The NFL is entering uncharted waters this week, as it will complete the first ever virtual NFL Draft. Some head coaches are more tech savvy than others, but a fully virtual draft brings different kinds of obstacles that front offices have never dealt with before.

For the past month, many teams, coaches and general managers have conducted virtual press conferences through the videoconferencing giant Zoom -- and many figure to use the service when teams virtually gather around the table to make their selections in the 2020 NFL Draft. Baltimore Ravens head coach John Harbaugh recently expressed concern over how the virtual NFL Draft will go.

"Yeah, big concern," Harbaugh said during a conference Zoom call, via Jonas Shaffer of the Baltimore Sun. "Every time I read something in, like, the Wall Street Journal or the New York Times that talks about how messed up Zoom is, or some of these other deals ... I immediately text it to our IT people, and [director of football administration] Nick Matteo's one of those guys, and they assure me that we are doing everything humanly possible."

So, is it possible the NFL Draft could be "hacked"? The answer is complicated, but it will be possible to capitalize off of the NFL Draft going virtual if your moral compass skews south. Recently, Chin-Tser Huang, a network security expert and professor at the University of South Carolina, spoke with CBS Sports about some concerns he has regarding Zoom as well as the virtual draft in general.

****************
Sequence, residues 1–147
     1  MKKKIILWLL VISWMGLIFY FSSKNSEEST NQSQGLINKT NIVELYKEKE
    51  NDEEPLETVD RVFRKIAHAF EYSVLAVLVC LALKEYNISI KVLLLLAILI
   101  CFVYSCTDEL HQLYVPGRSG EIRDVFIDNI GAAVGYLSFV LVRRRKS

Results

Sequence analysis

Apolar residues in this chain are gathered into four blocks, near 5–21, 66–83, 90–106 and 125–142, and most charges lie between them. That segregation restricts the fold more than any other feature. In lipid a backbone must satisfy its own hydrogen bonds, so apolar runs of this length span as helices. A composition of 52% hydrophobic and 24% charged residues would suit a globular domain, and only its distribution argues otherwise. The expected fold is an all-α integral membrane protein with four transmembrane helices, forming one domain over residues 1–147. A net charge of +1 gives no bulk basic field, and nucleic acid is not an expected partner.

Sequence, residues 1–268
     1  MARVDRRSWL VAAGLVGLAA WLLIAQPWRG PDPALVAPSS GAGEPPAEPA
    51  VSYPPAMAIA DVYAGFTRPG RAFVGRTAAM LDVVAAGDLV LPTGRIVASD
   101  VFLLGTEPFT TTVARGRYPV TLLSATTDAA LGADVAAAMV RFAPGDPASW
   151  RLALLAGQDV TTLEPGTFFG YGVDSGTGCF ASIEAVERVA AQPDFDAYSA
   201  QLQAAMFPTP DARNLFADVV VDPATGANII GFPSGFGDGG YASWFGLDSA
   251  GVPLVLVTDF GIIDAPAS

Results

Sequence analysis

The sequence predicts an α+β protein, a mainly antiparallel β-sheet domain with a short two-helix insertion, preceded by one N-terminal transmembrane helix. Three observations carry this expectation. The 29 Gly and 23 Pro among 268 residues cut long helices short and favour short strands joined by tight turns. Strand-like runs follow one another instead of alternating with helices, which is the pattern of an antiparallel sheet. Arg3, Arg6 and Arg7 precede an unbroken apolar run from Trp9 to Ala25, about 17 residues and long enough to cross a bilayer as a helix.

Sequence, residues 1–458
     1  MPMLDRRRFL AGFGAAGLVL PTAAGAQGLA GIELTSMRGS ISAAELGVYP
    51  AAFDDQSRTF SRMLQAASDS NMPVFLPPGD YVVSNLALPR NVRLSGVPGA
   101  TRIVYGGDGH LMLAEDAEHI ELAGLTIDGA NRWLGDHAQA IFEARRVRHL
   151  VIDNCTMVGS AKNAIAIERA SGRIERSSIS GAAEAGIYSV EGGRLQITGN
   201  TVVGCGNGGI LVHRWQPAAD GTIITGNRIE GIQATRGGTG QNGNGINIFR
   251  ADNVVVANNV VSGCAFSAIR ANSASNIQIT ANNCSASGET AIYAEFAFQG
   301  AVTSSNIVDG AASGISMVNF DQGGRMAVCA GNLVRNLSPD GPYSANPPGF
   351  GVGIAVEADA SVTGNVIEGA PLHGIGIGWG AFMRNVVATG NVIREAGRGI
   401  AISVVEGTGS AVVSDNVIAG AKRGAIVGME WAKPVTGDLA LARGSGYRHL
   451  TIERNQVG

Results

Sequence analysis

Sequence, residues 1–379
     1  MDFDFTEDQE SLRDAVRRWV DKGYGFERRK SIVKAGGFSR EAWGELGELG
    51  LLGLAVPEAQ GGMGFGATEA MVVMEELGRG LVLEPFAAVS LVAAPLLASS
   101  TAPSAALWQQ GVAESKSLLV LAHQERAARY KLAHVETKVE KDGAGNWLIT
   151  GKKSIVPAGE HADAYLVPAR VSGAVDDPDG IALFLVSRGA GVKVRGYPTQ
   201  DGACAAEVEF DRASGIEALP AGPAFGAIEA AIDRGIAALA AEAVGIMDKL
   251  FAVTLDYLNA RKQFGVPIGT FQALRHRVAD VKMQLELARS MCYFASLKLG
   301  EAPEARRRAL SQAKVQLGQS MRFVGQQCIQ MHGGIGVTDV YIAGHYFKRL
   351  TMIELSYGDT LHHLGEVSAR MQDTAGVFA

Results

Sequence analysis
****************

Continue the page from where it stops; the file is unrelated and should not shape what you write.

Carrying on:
"Basically, we know that communication over Zoom -- both the video conferencing and also the chatting -- will be recorded," Huang said. "That's usually for later access. But when the videoconferencing is ongoing, we of course want to have it encrypted for the confidentiality, and the encryption for Zoom is based on the AES encryption. That means that every participant of this meeting, they all use the same key for encryption.

"Zoom has many servers that are used to generate this key, and some of their key generation servers are located in China. So because of this, the Chinese government, according to the law, they get a copy to the key, and according to the Chinese encryption law, any foreign company ... if they are conducting some kind of encryption they need to get permission and approval from the Chinese government. If they get a copy of the key, all communication theoretically could be accessed by Chinese agents." 

Recently, Zoom announced in a blog post that paying customers will be able to choose which data center their calls are routed from and that all data will no longer be routed through China, but Huang has his doubts. He questioned if there was a "behind the curtain" agreement with the Chinese government concerning not just data routing, but also storage servers. Zoom CEO Eric Yuan recently said that the COVID-19 pandemic caused their number of users to balloon, which left the company rushing to add server capacity. Yuan admitted that they failed to implement their usual geo-fencing best practices and that routing calls to systems in China was not their intention. 

"They could end up having playbooks and information about other players and trade discussions with other teams," Huang said. "This should be secret information of course. Additionally, if we choose to record our talk so we can go over it again, storage servers are located in China. That information could be sold by Chinese agents."